In spite of the bumps in the road created by wars, emerging infections, and terrorism, international tourism to developing countries has increased enormously over the last 30 years. One in five international flights now goes to a developing country (many of those countries are in the Southern Hemisphere), and despite high fuel prices, the UN World Tourism Organization expects international tourism to grow rapidly for the foreseeable future. For Southern Hemisphere destinations, tourism is a major source of foreign income as well as a major employer. Nature tourism and ecotourism, properly harnessed, could go a long way toward closing the yawning financial gaps between current budgets of protected areas in developing countries and the minimum required to provide effective conservation and management of their resources. Unfortunately, in most protected areas, tourism is not being adequately harnessed in this way.
The irony is that wealthy northerners travel largely in search of the culture and nature that Africa, Latin America, and Southeast Asia have in abundance in their national parks, World Heritage Sites, and ecological reserves. Think of Galápagos, Machu Picchu, Serengeti, and Kruger, which draw millions of visitors each year. The Peruvian government reports that an impressive 71 percent of that country's international visitors in 2007 came to visit a protected area. All told, international visitors last year injected $800 million into the Peruvian economy.
Tourism to developing countries ought, on its face, to be good business all around, yielding happy travelers, increased revenues for park systems, and higher investment in conservation. But park systems in most developing countries are failing to invest at anywhere near the necessary levels to build capacity for managing the growth in park visits. As a result, tourism is now a threat to biodiversity rather than a benefit.
It is not just the megastars of international nature tourism destinations that are becoming crowded. Visitors are coming in increasing numbers to parks such as Guatemala's Yaxhá, Bolivia's Eduardo Avaroa, Tanzania's Manyara, and Indonesia's Komodo. Indeed, conservation scientists at the Nature Conservancy have identified tourism as a threat in 78 international conservation area plans it has produced over the past seven years. The failure of destination countries to budget adequately for tourism management in parks is eroding the very natural capital that visitors travel to see. If the current levels of investment continue, the tourism boom is likely to be followed before long by a bust. Prime habitats will become degraded, wildlife will become scarce, the quality of the visitor experience will decline, and eventually people will choose other destinations.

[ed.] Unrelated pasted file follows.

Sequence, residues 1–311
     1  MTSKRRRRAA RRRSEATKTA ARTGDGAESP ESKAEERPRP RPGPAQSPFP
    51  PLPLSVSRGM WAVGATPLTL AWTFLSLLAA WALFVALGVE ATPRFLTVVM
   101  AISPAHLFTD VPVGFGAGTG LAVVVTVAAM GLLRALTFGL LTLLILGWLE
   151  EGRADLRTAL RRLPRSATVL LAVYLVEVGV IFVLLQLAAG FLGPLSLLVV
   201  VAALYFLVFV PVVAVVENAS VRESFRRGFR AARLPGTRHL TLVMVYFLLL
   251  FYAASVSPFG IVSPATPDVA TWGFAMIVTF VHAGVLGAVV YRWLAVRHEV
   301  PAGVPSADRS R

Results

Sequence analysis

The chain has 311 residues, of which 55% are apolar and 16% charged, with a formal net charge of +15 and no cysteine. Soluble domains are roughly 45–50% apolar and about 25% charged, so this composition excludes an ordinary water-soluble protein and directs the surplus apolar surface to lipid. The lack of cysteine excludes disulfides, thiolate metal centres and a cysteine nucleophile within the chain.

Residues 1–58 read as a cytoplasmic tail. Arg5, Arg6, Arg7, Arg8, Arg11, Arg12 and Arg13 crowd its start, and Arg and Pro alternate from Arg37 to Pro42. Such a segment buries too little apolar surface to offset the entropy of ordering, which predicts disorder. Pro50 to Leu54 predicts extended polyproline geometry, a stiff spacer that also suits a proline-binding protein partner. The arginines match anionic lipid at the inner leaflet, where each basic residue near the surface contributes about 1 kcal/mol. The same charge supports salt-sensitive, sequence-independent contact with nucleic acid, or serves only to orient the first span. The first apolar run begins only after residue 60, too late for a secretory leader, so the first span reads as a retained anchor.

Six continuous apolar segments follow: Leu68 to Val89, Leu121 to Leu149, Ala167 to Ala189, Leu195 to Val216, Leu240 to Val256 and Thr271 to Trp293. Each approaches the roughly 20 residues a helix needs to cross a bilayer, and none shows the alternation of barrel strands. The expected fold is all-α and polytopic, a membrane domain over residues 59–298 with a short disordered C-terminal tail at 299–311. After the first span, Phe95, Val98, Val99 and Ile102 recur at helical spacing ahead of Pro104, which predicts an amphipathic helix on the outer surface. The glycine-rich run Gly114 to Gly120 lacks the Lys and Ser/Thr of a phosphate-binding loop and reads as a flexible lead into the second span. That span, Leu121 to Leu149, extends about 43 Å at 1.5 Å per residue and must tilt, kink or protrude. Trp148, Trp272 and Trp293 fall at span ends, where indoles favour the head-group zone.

In some places a decline in the quality of the visitor experience is already apparent. In the Galápagos Islands National Park and Marine Reserve, for example, the number of sites that tourists are allowed to visit has been increased to accommodate the surge in demand. Additional islands have been opened up to cruise ships. Even so, managing visitors is starting to look like crowd control, as guides try to keep their clients on the narrow marked trails while they squeeze past other tourist groups. As recently as the mid-1980s, it was possible to visit one of the Galápagos islands as part of a group of eight or fewer and not run into another person during a whole day. Today, it is unusual to be part of a group of fewer than 16, and you are likely to encounter another 10 groups along the short trails you are permitted to follow.
A decline in the quality of the visitor experience is not the only change that has followed in the wake of the growth of Galápagos tourism. Impacts on the fauna and flora have increased. Both changes have occurred because the industry lacks adequate checks and balances that are sensitive to quality. So far, the market has exhibited, in economic terms, inelastic demand: the number of visitors continues to grow. But nobody should expect this to continue indefinitely. The situation for many parks in the Southern Hemisphere is like that of a bus driver making a living from selling fares, but never putting oil in the engine. For a while, as long as the driver puts in the diesel, the bus keeps going and operating costs are low. But the business will come, inevitably, to a catastrophic end.